1

Dec 06, 2017

I can hardly tell that I have read it. I had read the first part with my full attention, but the second and third I mostly just skimmed/skipped (and I did it only because I was curious whether it would be as bad as I feared - it was).

At the beginning, it reminded me very much The Tea Rose Series, especially wonderful The Tea Rose. But, not only Jennifer Donnelly's storytelling was better, but first of all, she managed better with a historical background.

Writing historical fiction a writer I can hardly tell that I have read it. I had read the first part with my full attention, but the second and third I mostly just skimmed/skipped (and I did it only because I was curious whether it would be as bad as I feared - it was).

At the beginning, it reminded me very much The Tea Rose Series, especially wonderful The Tea Rose. But, not only Jennifer Donnelly's storytelling was better, but first of all, she managed better with a historical background.

Writing historical fiction a writer chooses which historical events have an impact on characters/a plot. It is completely understandable. But one can't write the story taking place in 1917 like there was no WWI at all. Hillary Adrienne Stern chose only historical fact/events that fit her story. So, we heard here about e.g. the 1905 Russian Revolution and pogroms of Jews in Russia but we didn't hear about WWI (I skimmed later parts of the book but I didn't find anything about WWII too).

In my opinion, Ms. Stern invented her characters and their lives and treated it like her precious children. She wanted to give them a meaningful life. Nothing wrong with that, I have my own stories like that. But, when one wants to make from them a book for other people one needs 'a stern father' too. Without him, one ends up like 'The Garment Maker's Daughter'.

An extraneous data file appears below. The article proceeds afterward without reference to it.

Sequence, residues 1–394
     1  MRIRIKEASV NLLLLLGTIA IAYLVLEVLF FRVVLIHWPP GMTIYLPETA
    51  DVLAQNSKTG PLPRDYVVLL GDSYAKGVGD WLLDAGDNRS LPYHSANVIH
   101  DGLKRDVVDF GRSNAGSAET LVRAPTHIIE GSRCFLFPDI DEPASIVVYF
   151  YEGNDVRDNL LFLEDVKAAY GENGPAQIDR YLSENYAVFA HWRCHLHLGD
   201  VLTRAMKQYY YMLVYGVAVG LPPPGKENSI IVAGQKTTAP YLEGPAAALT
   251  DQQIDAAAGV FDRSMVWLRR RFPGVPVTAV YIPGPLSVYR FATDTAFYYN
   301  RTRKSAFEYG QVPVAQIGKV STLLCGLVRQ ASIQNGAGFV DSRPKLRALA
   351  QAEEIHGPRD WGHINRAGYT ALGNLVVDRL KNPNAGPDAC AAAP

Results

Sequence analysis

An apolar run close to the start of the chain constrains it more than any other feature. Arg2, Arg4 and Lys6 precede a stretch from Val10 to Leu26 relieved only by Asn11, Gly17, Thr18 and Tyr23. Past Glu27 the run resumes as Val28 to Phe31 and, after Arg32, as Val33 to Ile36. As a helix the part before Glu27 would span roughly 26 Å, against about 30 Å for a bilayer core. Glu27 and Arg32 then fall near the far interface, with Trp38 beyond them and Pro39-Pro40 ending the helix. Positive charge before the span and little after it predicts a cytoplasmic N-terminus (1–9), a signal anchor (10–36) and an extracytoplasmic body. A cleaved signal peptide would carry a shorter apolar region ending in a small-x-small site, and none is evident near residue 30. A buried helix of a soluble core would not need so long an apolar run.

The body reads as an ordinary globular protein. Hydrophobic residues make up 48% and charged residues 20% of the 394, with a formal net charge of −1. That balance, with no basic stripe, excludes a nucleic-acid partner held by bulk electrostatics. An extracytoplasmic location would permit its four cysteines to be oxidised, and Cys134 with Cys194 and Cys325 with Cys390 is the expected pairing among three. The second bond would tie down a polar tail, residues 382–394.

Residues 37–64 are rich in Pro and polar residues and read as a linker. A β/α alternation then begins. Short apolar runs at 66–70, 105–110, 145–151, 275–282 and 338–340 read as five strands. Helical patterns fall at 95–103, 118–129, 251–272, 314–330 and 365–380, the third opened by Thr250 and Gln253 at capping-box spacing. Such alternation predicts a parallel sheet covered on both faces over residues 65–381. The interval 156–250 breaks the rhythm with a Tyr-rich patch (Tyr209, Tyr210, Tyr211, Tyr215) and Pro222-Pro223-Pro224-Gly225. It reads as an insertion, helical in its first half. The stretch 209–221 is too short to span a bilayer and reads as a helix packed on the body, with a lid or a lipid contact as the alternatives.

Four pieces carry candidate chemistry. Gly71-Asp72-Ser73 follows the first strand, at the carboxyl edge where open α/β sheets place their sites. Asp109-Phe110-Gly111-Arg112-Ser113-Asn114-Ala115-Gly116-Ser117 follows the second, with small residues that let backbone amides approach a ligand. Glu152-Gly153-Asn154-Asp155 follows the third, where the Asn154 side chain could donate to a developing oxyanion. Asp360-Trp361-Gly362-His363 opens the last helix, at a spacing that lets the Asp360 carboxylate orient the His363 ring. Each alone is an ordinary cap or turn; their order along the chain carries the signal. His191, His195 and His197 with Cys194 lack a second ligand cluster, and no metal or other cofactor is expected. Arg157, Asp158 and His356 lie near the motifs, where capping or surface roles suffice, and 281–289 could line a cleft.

The plot was too much predictable. Too obvious. I would have forgiven it, probably, but I couldn't forgive (like you can read in a description of the book) a mistake which consequences continued into the next generation. It was so stupid, so out of character (of Lena and Jack) that I was not going to read the next chapters. (Although, eventually, I skimmed through the rest of the novel.)

Besides, the life of the poor young immigrants described here was too easy, even for a young adult novel.

I think it is enough. I don't want to think of this book anymore.

I can add some fragments of other reviews that I find apt:

Sarah's: Poorly researched, all the characters we[re] one dimensional, overused tropes...

Loni DeRock's: Not so much a historical fiction book but a historical romance with immature drawn out whiny characters.

Katie's: The book has uneven pacing, and the different perspectives make it even more uneven. There are also some big historical inaccuracies. Both World Wars are glossed over. The Depression doesn't keep anyone from pursuing their dreams. Everyone is way more progressive than people in the early 20th century were. ...more
3

Jan 23, 2018

This was a great story line and I loved the way the characters were developed. But the number of typos made this very distracting for me. At one point, the uncle was even referred to by the wrong name. There's really no excuse for this. I would have given this book 4 stars had it not been for the typos.
5

Jun 13, 2017

Excellent book! I rarely give 5 stars.
If you are a lover of Historical Fiction, this book is for you! It is relatively new, but I found it as a FREE Kindle book on Amazon.
5

Jan 22, 2018

Historical Novel Association

"In the early 20th century, three immigrants stand aboard a ship sailing into Ellis Island, each with their own dreams about what coming to America will mean for them: Daniel, a Polish boy with a love of language and law, and Lena and Joe, Jewish siblings hoping for a better life. They are about to meet New Yorkers Jake, a rough labor representative, and his dazzling girlfriend, Sophie. Together, they will change one another’s lives in ways no one could imagine. Over Historical Novel Association